Even since I wrote the piece we’ve had Aston Villa (another financially doped club) declare losses of over £50m only part of which is down to the departure of Martin O’Neill. I doubt that we will ever see Villa ‘spending big’ again. The world around Arsenal is changing rapidly and all of those changes make Arsenal look stronger relative to just about eveyone.
    When all around you are revealing weaker and weaker hands then it isn’t the time to play your trump card.
    And I never fail to read The Rambler! Along with this site, ACLF and (of course) it’s all that the thinking fan needs.

  • Notoverthehill

    Richard, a very nice article BUT the bulk of that cash in hand will be spent on 6 months salaries and 6 months of Other Operating Expenses.

    Receipts from the players sales is separate and distinct from profits from the sales of players registrations!

    When reading Arsenal Holdings Plc Financial Results, I always keep in mind the restrictions imposed by the Bondholders’ covenants. I am sure you will agree.

  • bob

    That money came from “trading”? As in Cesc and Nasri and Clichy. Without re-opening that can of worms in this moment, I still think you’re making a virtue out of a situation which is not entirely virtuous. We have not yet made up in creativity and scoring opportunities what x-Cesc brought us; and “financial acumen” did not bring back even market value for the loss of Cesc Fabregas. So, please….

  • nicky

    I don’t want to appear a doom merchant but I have misgivings over the prediction that the FFPR will be answer to all ills.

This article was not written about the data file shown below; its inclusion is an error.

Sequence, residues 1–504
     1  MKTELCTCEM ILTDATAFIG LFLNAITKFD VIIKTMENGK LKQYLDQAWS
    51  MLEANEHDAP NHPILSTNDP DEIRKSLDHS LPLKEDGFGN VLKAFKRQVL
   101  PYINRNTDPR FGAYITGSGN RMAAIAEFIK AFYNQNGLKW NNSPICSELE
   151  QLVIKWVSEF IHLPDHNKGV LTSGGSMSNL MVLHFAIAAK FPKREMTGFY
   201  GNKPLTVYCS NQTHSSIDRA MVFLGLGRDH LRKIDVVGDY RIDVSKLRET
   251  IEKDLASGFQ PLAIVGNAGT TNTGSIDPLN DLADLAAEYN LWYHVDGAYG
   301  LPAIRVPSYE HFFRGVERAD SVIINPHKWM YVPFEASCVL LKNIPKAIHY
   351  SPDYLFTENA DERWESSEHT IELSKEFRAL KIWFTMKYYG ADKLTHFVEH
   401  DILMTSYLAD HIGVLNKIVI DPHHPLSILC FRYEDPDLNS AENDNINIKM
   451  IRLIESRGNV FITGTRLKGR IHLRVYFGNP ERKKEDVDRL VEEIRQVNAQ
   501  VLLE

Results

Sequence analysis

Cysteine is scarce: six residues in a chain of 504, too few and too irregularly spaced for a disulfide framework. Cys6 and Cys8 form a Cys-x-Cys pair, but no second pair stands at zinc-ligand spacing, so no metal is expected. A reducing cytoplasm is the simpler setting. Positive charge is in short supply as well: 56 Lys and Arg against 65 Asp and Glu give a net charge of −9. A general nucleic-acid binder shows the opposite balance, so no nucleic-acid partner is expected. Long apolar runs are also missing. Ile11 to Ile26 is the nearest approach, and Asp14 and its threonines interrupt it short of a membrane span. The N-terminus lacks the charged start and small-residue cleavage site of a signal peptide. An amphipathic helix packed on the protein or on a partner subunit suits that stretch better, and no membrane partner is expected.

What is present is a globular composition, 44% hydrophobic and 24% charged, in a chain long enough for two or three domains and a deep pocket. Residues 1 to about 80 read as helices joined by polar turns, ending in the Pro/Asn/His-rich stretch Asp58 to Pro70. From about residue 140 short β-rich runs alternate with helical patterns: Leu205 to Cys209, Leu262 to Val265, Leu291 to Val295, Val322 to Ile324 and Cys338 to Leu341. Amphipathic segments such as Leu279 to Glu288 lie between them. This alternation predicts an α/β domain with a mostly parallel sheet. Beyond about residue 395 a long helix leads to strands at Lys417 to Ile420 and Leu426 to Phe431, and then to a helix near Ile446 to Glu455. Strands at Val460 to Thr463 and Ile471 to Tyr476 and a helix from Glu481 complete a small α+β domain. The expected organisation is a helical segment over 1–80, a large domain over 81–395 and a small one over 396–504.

To me, the power of the rouble, the dollar and (dare I suggest)the Chinese yen will oversee little change in the really mega-clubs.
    I only hope I’m wrong. 😥

  • Richard B

    i’ve never read Rambler, but those other blogs you mentioned, you’re spot on. Add Desigunner and to an extent, Wrighty 7. Every true fan must read those blogs.

  • RedGooner

    When you look at Liverpools 25mill a season Kit Sponsorship v our 8 mill a season and the shirt sponsorship at 5 mill for us v 20 mill a season for liverpool.
    I would argue that we should be better able to compete when these deals are up for renewal in 2014.
    Im not suggesting we will go out and pay crazy money for players but it should allow us to buy the types of players we have bought in the past rather than just relying totaly on the youth system for star players.
    When you look at the difference you could argue that keith edelman perhaps didnt negotiate as good a deal as he did at the time hence he moved on and the club are working hard to change things. Our brand surely over the past 15 years has been a more valuable brand than liverpools.
    2014 isnt far away and surely is worth the wait for long term success rather than calling for the managers head after every poor result or substitution that some people dont like.

  • Adam

    @Nicky, Do you think the Yen will become the first gold backed currency.

  • Mandy dodd